Roger Cohen of The NY Times was one of the worst cheerleaders of the Islamist takeover of Egypt.
On February 3, 2011, Cohen already was framing concerns about Islamist influence in the revolution as a right-wing and Israeli distraction:
Already we hear the predictable warnings from Israel’s prime minister, Benjamin Netanyahu: This could be Iran 1979, a revolution for freedom that installs the Islamists. But this is not 1979, and Egypt’s Facebook-adept youth are not lining up behind the Muslim Brotherhood, itself scarcely a band of fanatics.
On February 15, 2011, I addressed Cohen’s deliberate trivialization of the anti-Semitism and anti-Westernism emerging on the streets of Cairo, Who’s Afraid Of The “Arab Street”?:
In the wake of the overthrow of Hosni Mubarek, we have heard much praise for the “Arab Street,” including by Roger Cohen writing in The New York Times two days ago:
In the Middle East you expect the worst. But having watched Egypt’s extraordinary civic achievement in building the coalition that ousted Mubarak, having watched Tahrir Square become cooperation central, and having watched the professionalism of the Egyptian army, I’m convinced the country has what it takes to build a decent, representative society — one that gives the lie to all the stereotypes associated with that dismissive shorthand “The Arab Street.”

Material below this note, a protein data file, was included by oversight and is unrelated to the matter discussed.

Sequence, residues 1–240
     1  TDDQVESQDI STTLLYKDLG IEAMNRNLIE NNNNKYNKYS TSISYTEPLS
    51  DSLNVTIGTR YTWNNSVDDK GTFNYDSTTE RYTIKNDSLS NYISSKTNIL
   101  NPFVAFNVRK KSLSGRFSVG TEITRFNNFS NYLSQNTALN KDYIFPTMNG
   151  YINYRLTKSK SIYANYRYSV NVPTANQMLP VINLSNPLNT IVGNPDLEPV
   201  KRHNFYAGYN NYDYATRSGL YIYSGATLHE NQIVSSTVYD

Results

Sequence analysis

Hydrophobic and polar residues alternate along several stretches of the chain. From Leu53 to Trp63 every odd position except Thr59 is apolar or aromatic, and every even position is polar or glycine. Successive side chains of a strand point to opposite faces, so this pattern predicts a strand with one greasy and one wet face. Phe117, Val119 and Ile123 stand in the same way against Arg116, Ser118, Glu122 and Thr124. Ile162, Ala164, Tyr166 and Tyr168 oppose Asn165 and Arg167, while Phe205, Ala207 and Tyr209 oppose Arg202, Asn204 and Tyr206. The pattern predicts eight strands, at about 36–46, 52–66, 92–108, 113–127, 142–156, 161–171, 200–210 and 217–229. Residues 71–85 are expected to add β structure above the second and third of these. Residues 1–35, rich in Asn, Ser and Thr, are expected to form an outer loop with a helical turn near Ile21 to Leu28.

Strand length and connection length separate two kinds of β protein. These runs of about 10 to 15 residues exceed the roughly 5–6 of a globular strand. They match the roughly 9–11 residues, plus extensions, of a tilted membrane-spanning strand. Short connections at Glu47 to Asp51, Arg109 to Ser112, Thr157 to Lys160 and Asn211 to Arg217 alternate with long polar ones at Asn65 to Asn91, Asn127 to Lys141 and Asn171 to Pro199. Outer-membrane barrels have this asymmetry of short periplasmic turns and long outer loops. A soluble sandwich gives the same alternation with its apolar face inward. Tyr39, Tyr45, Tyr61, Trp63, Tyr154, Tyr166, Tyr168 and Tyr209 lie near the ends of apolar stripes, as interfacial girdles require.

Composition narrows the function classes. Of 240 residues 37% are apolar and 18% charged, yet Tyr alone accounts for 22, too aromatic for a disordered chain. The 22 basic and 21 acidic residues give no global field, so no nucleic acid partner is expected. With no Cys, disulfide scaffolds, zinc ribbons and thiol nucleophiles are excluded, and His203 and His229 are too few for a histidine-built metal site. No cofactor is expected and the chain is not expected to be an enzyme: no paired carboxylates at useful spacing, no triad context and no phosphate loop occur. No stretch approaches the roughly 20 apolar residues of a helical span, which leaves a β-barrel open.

In fact, post-Tahrir, let’s retire that phrase.
Let’s not retire the phrase.
There is a reason Jews in particular fear the “Arab Street” and that fear has not gone away, as this recent video of “death to the Jews” being chanted outside a synagogue in Tunisia shows:
The use of the term “Arab Street” has nothing to do with those in the Arab world who preach tolerance and want peace. Those demonstrators should be praised. Unfortunately, those with a Western bent never seem to control the street for long.
The “Arab Street” is bad enough when it is marching outside a synagogue in a country which has few Jews left.
If the “Arab Street” takes over the largest military in the Arab world bordering Israel, I wonder if Roger Cohen still will be singing its praises.
Everything which is taking place this week in the Muslim world was forseeable in February 2011 on the streets of Tunis, in the sexual assault on Lara Logan just after Cohen’s column (chanting Jew! Jew!), in the million people who greeted an anti-Semitic cleric in Cairo, and in the rapid elimination within weeks of the Google Guy from the revolutionary stage.
Cohen was far from alone, as the media in general whitewashed the gathering storm, but the writers and editors of The NY Times were among the most aggressive in this regard, distorting the backgrounds of those involved and the false promises of the Muslim Brotherhood not to run a candidate for President.
Despite all we know now, Cohen still is peddling his false narrative that the Islamists are the victims of a right-wing American and Israeli smear.
In a column on September 13, 2012, Cohen again made excuses for the Islamists, blamed Republican bigotry, and even implicated the Israelis after it was pretty clear the creator of the movie at issue was not Israeli or Jewish. Our Man in Benghazi: